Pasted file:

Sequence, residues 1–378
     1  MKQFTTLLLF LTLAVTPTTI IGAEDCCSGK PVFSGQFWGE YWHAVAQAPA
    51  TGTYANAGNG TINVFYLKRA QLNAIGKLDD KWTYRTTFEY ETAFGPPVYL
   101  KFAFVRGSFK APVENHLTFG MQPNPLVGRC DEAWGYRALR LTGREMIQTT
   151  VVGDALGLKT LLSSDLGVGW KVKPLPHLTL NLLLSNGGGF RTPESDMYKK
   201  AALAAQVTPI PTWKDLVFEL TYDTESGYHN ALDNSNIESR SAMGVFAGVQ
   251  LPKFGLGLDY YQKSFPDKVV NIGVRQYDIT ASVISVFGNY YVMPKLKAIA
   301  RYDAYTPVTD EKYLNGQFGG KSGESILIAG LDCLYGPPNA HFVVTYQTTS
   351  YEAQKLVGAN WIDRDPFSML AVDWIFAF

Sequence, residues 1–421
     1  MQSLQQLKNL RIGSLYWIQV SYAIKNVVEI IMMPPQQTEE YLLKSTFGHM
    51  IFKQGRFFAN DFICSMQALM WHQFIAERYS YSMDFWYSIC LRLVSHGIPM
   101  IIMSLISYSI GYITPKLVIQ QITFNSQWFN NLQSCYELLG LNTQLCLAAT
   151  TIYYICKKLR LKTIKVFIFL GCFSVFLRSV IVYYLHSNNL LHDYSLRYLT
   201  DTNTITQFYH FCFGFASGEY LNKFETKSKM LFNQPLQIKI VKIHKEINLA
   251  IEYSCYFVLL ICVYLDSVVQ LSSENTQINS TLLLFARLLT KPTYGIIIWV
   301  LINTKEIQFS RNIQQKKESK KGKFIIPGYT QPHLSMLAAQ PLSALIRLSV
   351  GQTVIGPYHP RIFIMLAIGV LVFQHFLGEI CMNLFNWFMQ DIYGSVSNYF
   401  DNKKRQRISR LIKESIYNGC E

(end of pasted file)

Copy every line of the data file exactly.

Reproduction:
Sequence, residues 1–378
     1  MKQFTTLLLF LTLAVTPTTI IGAEDCCSGK PVFSGQFWGE YWHAVAQAPA
    51  TGTYANAGNG TINVFYLKRA QLNAIGKLDD KWTYRTTFEY ETAFGPPVYL
   101  KFAFVRGSFK APVENHLTFG MQPNPLVGRC DEAWGYRALR LTGREMIQTT
   151  VVGDALGLKT LLSSDLGVGW KVKPLPHLTL NLLLSNGGGF RTPESDMYKK
   201  AALAAQVTPI PTWKDLVFEL TYDTESGYHN ALDNSNIESR SAMGVFAGVQ
   251  LPKFGLGLDY YQKSFPDKVV NIGVRQYDIT ASVISVFGNY YVMPKLKAIA
   301  RYDAYTPVTD EKYLNGQFGG KSGESILIAG LDCLYGPPNA HFVVTYQTTS
   351  YEAQKLVGAN WIDRDPFSML AVDWIFAF

Sequence, residues 1–421
     1  MQSLQQLKNL RIGSLYWIQV SYAIKNVVEI IMMPPQQTEE YLLKSTFGHM
    51  IFKQGRFFAN DFICSMQALM WHQFIAERYS YSMDFWYSIC LRLVSHGIPM
   101  IIMSLISYSI GYITPKLVIQ QITFNSQWFN NLQSCYELLG LNTQLCLAAT
   151  TIYYICKKLR LKTIKVFIFL GCFSVFLRSV IVYYLHSNNL LHDYSLRYLT
   201  DTNTITQFYH FCFGFASGEY LNKFETKSKM LFNQPLQIKI VKIHKEINLA
   251  IEYSCYFVLL ICVYLDSVVQ LSSENTQINS TLLLFARLLT KPTYGIIIWV
   301  LINTKEIQFS RNIQQKKESK KGKFIIPGYT QPHLSMLAAQ PLSALIRLSV
   351  GQTVIGPYHP RIFIMLAIGV LVFQHFLGEI CMNLFNWFMQ DIYGSVSNYF
   401  DNKKRQRISR LIKESIYNGC E